The mini-collaboration comes courtesy of Cosmopolitan magazine, who interviewed Copeland for their August 2016 issue. In the featured article, she talks about her rising career, her dancewear line, and Prince.
Last summer, Copeland leaped onto the map when ABT promoted her to principle dancer, becoming the first Black woman in the 76-history to hold the title. In the fall, she’d make her Broadway debut in the Tony-nominated revival of On the Town for select performances. This week, she’ll dance Romeo & Juliet at the Wolf Trap National Park for the Performing Arts in Vienna, Virginia.
Broadway producers out there, I hope you’re watching, reading, and formulating something. Because as Erivo says, “different forms of art collide to create one,” just as it always should. #BlackGirlMagic is real.
Visit American Ballet Theatre for tickets and subscription info.
The Color Purple currently plays at the Bernard B. Jacobs Theatre.
Savion Glover & Shuffle Along Cast Show Out On Maya & Marty!
Tony Award-winning choreographer Savion Glover and the Broadway cast of Shuffle Along made an appearance on the premiere of NBC’s brand new variety show “Maya & Marty” starring “Saturday Night Live’s” Maya Rudolph and Tony winner Martin Short, in their first live televised performance.
With suitcases in hand and accompanied by no music, the ensemble cast of thirteen closed the premiere with the “Pennsylvania Graveyard Shuffle,” midway through joined by Glover, the musical’s choreographer.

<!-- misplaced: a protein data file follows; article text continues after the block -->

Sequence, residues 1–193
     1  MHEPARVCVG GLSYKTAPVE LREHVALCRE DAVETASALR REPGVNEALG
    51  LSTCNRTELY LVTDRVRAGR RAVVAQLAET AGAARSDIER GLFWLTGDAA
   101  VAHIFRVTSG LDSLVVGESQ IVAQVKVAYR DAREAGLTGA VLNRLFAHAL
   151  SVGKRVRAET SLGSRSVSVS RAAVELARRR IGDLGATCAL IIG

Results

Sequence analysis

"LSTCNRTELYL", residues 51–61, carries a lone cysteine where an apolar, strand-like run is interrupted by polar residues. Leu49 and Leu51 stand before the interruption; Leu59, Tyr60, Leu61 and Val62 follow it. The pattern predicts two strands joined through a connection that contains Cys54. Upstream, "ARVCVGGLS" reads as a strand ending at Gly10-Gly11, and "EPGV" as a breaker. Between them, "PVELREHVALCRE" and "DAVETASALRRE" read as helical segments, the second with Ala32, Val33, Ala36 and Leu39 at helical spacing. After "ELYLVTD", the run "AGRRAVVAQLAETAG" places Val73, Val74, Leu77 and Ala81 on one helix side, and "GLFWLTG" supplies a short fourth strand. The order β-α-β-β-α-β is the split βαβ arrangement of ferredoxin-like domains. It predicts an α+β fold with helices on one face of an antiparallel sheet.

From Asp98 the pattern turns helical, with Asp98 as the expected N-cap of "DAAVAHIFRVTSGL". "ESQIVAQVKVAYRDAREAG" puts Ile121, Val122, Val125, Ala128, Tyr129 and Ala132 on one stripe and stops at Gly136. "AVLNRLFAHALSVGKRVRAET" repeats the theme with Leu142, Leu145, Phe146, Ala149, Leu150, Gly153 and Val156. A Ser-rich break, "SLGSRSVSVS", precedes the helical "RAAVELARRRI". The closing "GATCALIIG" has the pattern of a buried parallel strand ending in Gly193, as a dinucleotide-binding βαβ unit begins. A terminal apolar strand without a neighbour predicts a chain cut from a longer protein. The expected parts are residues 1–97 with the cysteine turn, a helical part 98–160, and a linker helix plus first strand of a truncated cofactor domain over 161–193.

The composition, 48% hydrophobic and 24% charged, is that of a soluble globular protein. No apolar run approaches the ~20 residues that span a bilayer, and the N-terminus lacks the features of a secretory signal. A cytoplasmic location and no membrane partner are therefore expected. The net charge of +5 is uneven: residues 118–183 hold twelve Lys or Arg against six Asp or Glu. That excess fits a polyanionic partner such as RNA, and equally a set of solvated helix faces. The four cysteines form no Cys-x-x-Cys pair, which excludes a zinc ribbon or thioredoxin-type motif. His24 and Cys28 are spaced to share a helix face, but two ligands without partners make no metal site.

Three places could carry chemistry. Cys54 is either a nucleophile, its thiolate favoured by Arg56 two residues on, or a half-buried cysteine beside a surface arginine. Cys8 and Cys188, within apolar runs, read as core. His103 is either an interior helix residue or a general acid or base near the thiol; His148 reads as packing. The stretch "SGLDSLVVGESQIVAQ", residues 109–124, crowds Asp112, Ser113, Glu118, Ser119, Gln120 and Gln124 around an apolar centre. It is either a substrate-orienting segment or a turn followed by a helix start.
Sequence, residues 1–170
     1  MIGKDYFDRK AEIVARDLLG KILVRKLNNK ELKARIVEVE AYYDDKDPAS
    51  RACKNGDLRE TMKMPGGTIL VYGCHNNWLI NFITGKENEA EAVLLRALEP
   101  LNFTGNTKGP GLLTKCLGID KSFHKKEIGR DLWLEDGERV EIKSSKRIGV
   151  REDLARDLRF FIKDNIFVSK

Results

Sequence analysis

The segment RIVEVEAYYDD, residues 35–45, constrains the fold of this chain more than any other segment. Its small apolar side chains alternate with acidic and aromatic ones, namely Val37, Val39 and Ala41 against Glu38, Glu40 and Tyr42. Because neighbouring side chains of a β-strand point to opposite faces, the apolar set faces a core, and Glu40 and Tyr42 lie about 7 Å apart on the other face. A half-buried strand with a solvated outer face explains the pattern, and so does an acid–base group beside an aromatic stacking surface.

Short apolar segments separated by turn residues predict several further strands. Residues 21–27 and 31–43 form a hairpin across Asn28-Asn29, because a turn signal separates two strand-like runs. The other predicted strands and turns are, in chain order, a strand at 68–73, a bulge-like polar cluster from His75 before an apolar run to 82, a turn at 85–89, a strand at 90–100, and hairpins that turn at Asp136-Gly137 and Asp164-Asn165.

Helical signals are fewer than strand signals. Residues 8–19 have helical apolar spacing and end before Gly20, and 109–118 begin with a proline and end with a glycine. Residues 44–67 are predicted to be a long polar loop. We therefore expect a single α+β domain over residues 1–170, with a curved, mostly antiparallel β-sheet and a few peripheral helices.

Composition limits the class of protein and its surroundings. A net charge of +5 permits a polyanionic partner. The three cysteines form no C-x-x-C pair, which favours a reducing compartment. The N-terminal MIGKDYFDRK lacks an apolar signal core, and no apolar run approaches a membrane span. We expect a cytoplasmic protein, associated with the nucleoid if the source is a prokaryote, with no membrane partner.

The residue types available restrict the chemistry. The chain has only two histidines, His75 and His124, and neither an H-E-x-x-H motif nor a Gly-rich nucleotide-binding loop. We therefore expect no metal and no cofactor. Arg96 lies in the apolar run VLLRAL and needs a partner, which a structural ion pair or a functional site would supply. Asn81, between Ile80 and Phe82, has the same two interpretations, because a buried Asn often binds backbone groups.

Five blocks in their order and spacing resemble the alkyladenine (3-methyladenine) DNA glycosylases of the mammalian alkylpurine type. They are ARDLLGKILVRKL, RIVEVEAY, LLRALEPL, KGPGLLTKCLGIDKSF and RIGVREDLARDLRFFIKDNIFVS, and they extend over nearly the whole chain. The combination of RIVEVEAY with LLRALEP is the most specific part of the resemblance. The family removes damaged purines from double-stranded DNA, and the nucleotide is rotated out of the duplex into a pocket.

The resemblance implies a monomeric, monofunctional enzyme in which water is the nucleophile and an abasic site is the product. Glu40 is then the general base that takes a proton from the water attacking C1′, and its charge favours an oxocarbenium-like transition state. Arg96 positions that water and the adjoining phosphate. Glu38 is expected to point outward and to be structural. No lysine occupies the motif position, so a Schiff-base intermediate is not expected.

The six-episode series, taped from Studio 6A in NBC’s headquarters at 30 Rockefeller Plaza in front of a studio audience, features a set of comedy sketches, celebrity guests, musical numbers, and a spectacular onstage band led by Charlie Rosen.
Among the other guests of the May 31st premiere were “SNL’s” Kenan Thompson, Tom Hanks, Larry David, with a performance by Miley Cyrus.
Based on the original 1921 musical revue, this new ten-time Tony-nominated production, billed as Shuffle Along, or, the Making of the Musical Sensation of 1921 and All That Followed, is directed by George C. Wolfe.
This adaptation stars Tony winners Audra McDonald, Brian Stokes Mitchell, and Billy Porter, and focuses on the original composers’, Eubie Blake (played by Brandon Victor Dixon) and Noble Sissle (Joshua Henry), challenges in creating the production as well as their trials and tribulations in later years.
This year, Shuffle Along received the New York Drama Critics’ Circle Award for Best Musical.
McDonald will take a maternity leave of absence at the end of July, and Rhiannon Giddens, in her first appearance on Broadway, will be her replacement in the role of Lottie Gee. Glover will also join the cast during Giddens’ run.
Glover recently appeared on NBC’s “Late Night: Seth Meyers.”
“Maya & Marty” is a spin-off of Rudolph’s original variety show pilot, “The Maya Rudolph Show” which aired in 2014, but wasn’t picked up for a series.
“Maya & Marty” airs Tuesdays at 10 PM ET on NBC.
For tickets to Shuffle Along.
Cast of Shuffle Along, Hamilton Earn Astaire Awards Nominations